Cybersecurity Europe Thought Leadership

Battling the Cybersecurity Skills Shortage with Digital Boot Camps

The digital skills shortage is an ever-present threat for UK businesses, but it has become particularly acute during the pandemic, with society’s reliance on technology becoming exponentially greater. This is leading to a particularly troubling state of affairs where cybersecurity is concerned.

Julie Nugent is the Director of Productivity and Skills at West Midlands Combined Authority (WMCA). Established in 2016, WMCA is a group of 18 local councils and three local enterprise partnerships (LEPs) working together to make the West Midlands region a better place to live and work. Here she shares her thoughts on battling the cybersecurity skills shortage with digital boot camps. 

According to the UK government’s Cyber Security Breaches Survey, the risk of cyber-attacks has risen sharply, at the same time that businesses’ ability to defend against them has been hindered by remote working practices. Further, cyber security skills training has failed to keep pace with this evolving landscape – one 2021 report found that the UK’s cyber skills shortage has surged by more than a third in the past 12 months. It’s crucial that we tackle this issue.

What’s on the line?

The heightened prevalence of cyber-attacks is clear to see, but what are the costs for businesses faced with a breach?

The more apparent financial costs incurred include theft of money, corporate information, and financial information, such as bank details or payment card details. For example, in 2020, 46% of SMEs reported cyber security breaches, costing an annual average of £8,170 for lost data or assets. A survey by PwC revealed that 79% of UK CEOs fear cyber-attacks as the biggest threat to their business.

Further, the damages can be reputational and technological, with companies having to spend time on recovering from attacks. Indeed, the wider disruptions to trading could potentially cost a business a contract or customer trust.

The question, then, is how to better equip businesses – or, more specifically, employees – with the requisite skills to identify, prevent and manage cybersecurity threats.

A human-centric approach

For all the technological progress made in developing software to fight off the threat of cyber-attacks, the answer ultimately lies with humans. Tellingly, an IBM study suggests that human error is the main cause in 95% of cyber security breaches. So, a human-centric solution is required – namely, better education, better processes and better skills.

At present, as noted above, those skills are lacking. The World Economic Forum’s (WEF) Global Cybersecurity Outlook 2022 found that 59% of organisations would find it challenging to respond to a cybersecurity incident due to the shortage of skills within their team.

Therefore, it is crucial companies hire employees – not only those within the IT department or cybersecurity positions, but across their workforce – who have practical cybersecurity training and can confront breaches when they occur. And this will only be possible if more people are given access to the training, they need to develop these skills, whether to be applied in their current or a future role.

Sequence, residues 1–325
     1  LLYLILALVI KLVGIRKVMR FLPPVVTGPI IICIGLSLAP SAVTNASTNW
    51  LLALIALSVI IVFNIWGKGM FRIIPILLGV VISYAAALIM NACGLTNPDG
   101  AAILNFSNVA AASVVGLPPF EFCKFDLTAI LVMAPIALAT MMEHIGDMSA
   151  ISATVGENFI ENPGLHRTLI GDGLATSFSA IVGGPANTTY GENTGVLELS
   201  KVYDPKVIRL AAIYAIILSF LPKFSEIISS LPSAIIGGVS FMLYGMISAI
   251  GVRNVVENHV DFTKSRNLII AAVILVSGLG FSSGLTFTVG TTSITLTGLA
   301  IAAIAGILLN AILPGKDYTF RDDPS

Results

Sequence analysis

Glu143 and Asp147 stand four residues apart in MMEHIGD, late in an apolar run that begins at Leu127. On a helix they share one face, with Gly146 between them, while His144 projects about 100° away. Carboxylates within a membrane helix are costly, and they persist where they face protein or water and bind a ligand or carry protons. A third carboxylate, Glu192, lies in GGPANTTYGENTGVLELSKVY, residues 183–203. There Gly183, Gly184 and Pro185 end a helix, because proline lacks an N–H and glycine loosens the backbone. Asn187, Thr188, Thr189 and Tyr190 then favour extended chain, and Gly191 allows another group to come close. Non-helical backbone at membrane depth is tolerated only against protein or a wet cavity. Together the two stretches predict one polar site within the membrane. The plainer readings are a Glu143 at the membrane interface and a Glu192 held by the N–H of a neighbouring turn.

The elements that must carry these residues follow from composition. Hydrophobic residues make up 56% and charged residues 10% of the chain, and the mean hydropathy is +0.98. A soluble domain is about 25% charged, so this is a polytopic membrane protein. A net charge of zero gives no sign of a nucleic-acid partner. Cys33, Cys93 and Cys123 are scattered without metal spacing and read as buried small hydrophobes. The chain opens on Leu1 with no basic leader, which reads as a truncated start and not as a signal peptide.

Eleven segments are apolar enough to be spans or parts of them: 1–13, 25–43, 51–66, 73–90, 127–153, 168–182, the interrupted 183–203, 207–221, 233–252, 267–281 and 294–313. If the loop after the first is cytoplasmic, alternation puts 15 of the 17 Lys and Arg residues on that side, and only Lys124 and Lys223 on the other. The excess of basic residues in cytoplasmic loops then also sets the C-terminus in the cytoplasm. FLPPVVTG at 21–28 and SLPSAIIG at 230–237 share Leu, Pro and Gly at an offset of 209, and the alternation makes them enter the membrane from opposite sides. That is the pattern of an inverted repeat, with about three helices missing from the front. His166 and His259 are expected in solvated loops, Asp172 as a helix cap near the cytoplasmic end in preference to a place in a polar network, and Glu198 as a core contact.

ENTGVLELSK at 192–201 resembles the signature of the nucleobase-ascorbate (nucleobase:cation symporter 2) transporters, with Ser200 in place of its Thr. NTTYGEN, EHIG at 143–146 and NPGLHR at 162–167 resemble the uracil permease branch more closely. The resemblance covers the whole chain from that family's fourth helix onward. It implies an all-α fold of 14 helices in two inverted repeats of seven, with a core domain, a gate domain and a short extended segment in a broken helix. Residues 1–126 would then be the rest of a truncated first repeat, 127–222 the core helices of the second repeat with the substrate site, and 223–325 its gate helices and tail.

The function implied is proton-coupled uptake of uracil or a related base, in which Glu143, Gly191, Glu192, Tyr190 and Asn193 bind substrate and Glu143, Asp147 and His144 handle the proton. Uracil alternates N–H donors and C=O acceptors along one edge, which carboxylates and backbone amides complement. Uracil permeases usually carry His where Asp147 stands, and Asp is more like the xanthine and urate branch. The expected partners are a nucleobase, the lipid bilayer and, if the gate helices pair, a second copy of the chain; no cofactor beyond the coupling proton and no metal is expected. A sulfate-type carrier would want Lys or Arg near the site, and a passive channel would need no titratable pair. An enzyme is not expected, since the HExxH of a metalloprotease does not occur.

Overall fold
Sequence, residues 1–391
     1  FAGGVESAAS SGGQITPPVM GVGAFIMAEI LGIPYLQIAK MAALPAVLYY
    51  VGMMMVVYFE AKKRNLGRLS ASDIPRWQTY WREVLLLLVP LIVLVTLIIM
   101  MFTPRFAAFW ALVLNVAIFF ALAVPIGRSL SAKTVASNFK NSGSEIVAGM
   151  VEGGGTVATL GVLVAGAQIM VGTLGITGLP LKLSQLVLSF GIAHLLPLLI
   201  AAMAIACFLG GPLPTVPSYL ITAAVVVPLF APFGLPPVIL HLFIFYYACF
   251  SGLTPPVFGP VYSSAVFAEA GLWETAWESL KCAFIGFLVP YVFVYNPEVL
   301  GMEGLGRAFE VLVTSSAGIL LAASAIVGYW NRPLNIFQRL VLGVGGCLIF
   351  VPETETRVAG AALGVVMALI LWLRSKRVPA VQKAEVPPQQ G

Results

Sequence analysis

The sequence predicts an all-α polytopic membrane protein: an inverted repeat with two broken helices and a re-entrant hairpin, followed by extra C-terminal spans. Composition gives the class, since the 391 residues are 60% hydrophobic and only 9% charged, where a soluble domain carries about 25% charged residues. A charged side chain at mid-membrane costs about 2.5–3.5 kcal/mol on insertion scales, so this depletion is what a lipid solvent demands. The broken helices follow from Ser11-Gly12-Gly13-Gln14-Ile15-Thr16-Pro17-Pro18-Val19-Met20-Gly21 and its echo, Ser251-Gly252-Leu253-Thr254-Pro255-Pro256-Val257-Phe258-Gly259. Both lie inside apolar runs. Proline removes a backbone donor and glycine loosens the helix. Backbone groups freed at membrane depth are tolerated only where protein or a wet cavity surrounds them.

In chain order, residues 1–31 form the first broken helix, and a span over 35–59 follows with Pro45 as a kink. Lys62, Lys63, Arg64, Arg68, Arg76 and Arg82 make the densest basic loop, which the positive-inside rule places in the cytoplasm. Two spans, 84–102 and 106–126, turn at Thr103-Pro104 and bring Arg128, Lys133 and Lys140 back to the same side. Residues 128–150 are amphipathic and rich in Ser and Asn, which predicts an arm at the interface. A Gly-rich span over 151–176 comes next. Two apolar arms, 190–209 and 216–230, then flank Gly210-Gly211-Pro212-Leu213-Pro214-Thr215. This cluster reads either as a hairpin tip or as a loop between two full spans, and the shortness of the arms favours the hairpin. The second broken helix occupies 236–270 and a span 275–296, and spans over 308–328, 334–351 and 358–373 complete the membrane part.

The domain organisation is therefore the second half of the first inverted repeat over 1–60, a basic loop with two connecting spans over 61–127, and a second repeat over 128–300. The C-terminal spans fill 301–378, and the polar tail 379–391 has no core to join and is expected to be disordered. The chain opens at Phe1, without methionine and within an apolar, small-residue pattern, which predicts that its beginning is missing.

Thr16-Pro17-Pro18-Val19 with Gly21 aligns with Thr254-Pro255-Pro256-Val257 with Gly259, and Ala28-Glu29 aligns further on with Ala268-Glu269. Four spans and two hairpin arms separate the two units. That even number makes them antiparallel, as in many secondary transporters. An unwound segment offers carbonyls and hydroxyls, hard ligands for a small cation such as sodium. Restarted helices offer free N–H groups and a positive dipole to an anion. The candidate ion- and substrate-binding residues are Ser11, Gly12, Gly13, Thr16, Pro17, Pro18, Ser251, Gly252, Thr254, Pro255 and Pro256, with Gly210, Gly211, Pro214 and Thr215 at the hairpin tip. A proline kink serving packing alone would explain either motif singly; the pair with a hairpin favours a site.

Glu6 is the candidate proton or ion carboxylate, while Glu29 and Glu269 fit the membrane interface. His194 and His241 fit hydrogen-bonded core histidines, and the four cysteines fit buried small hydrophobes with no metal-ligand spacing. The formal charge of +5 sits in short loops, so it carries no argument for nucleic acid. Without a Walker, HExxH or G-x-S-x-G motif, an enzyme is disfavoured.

Undoubtedly, this training should begin at school and university levels, allowing young people to enter the workforce with a sufficient amount of cybersecurity knowledge. Yet, relying on the education sector is wholly unrealistic – this is true of the digital skills gap as a whole. Rather, key responsibilities instead lie in collaboration between the public and private sectors – digital skills boot camps are a great example of this.

Digital skills boot camps

Digital skills boot camps are free, flexible courses for adults aged 19 and over who are either in work or recently unemployed. The boot camps, which typically last for anything between 12 and 16 weeks, give people the opportunity to build sector-specific skills.

Employers can benefit in two ways: they can provide interview opportunities to people who have up-to-date digital skills training, or they can upskill existing employees by enrolling them on the courses.

With a £7 million grant, WMCA has piloted over 30 digital boot camps and trained around 2,000 adults with essential tech skills. Now, £21 million has been made available from the Adult Education Budget to fund the new boot camps over the next three years, with a target of supporting more than 4,000 people.

Cybersecurity is a key pillar within the boot camps – as indeed is true of most digital skills courses, out of recognition of just pressing the need is for better training in this arena.

Evidently, initiatives such as digital skills boot camps will play a crucial role in developing tech-competent individuals for the workforce. As stated, not only will this mean more positions filled within the cybersecurity industry or other specialist sectors; it will also ensure that others in digital spaces, from marketing and analytics to coding and development, possess valuable cybersecurity skills.

Accordingly, I would encourage employers to search for existing digital skills partnerships in their area, and if possible, interact with the courses as a very focused, practical means of improving their access to necessary digital skills training.


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